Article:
I originally posted this in the Mexico News and Discussion thread. It occurred to me that a lot of people interested in the future of animals such as horses might not be interested in Mexico, so it is also worth while to post this article in this thread as well.
Time to Ban Horsemeat Trade in All of North America, as Investigation in Mexico Uncovers Horse Sold as Beef
(Alternet) Mexico is forging ahead on animal protection. Earlier this year, its Congress made dogfighting a felony throughout the nation. Mexico City adopted an extraordinary charter on animal protection. A number of major food retailers in Mexico have said they will change their purchasing practices to stop buying eggs and pork from operations that confine hens and pigs in small confinement cages and crates. Our Humane Society International/Mexico office and partner organizations are working hard to keep this important and strategic country trending in the right direction and to also crack down on other abuses of animals.
One of those abuses involves the slaughter of horses for human consumption. A new study in six Mexican cities has found horsemeat in nearly 10 percent of meat products that are being sold as beef or that are not clearly labeled. The samples of meat were collected from common vending points, including butcher shops, supermarkets, street markets, and street stalls.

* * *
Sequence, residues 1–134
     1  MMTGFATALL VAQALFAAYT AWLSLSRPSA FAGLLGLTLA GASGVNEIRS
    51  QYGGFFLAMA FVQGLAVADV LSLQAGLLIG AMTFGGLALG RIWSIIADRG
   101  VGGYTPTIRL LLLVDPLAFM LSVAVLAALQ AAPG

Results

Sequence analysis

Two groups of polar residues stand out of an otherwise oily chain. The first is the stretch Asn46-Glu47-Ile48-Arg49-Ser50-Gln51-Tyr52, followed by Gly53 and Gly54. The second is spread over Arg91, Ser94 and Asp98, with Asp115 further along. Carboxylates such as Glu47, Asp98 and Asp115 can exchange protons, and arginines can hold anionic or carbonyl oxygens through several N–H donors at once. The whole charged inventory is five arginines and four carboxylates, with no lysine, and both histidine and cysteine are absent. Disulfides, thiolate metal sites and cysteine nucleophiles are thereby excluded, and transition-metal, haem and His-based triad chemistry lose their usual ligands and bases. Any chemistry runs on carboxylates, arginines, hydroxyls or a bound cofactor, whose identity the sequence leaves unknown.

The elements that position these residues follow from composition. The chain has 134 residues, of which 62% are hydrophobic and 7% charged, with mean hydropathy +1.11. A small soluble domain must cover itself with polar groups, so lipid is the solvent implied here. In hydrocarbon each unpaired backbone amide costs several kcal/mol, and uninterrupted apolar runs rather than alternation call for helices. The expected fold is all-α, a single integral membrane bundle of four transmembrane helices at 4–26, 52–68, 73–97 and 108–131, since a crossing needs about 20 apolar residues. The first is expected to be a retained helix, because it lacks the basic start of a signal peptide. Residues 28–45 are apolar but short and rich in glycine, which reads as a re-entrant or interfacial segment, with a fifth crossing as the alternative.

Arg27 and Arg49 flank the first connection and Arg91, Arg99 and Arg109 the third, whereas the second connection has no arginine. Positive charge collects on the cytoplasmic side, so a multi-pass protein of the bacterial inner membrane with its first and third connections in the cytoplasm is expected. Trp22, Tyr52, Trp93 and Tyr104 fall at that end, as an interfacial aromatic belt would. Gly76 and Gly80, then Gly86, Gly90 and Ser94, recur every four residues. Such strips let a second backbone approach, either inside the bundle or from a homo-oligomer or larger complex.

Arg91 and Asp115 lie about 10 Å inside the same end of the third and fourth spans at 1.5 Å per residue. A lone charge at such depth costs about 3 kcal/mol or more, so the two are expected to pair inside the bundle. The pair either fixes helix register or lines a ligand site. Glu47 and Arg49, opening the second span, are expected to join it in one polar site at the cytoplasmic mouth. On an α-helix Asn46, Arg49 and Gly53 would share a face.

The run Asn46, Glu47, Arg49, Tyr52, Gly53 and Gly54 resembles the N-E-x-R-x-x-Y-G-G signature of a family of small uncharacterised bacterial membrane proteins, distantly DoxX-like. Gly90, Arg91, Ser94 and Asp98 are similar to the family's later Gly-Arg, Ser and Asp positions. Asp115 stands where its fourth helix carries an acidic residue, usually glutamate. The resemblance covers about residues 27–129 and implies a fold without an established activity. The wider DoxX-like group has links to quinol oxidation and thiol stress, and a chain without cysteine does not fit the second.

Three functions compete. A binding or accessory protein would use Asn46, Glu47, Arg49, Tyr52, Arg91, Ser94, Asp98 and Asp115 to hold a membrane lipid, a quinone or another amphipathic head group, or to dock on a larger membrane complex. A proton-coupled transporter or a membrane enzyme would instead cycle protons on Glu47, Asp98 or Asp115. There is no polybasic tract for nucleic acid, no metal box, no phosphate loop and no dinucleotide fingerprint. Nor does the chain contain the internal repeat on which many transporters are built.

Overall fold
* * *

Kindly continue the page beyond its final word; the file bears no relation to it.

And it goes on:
The study, commissioned by HSI and conducted by researchers at the Universidad Nacional Autonoma de Mexico, also found high levels of a veterinary drug commonly prescribed for horses, clenbuterol, in some raw meat samples. Clenbuterol is not approved for food-producing animals, and can be harmful to humans.
The researchers collected 433 samples of cooked and uncooked meat from an assortment of vendors across Mexico, of which nearly 10 percent tested positive for horsemeat. Samples were collected in six cities: Aguascalientes, Zacatecas, Chihuahua, Mexico City, Pachuca, and San Vicente Chicoloapan. The samples included four types of meat samples (ground meat, regular tacos, crispy tacos, and thin steaks [bistec]) and were either unlabeled or labeled as beef. The samples that tested positive for horsemeat were obtained at informal selling points such as street stalls and markets, and most vendors appeared to be unaware that there was horsemeat in the products they were selling.
Mexico is the second largest horsemeat producer in the world, after China. According to the Mexican Ministry of Trade, between January and August 2017, Mexico exported almost 1,500 tons of horsemeat, worth more than $4 million, to Japan, Russia, and Vietnam.
Rescued horses at the Duchess Sanctuary.
Photo Credit: Jennifer Kunz/The HSUS
So all this raises the question: what will be the future of horses?
Ownership and maintenance seem to be an increasingly middle class function. It is alarming that the price of horses is such that some see a higher profit to be made in using them as a meat source. There is also the question of how much grazing land will be allowed for horses in the future. Will land become such an expensive commodity that allowing it for just grazing will not be an economically efficient enough use?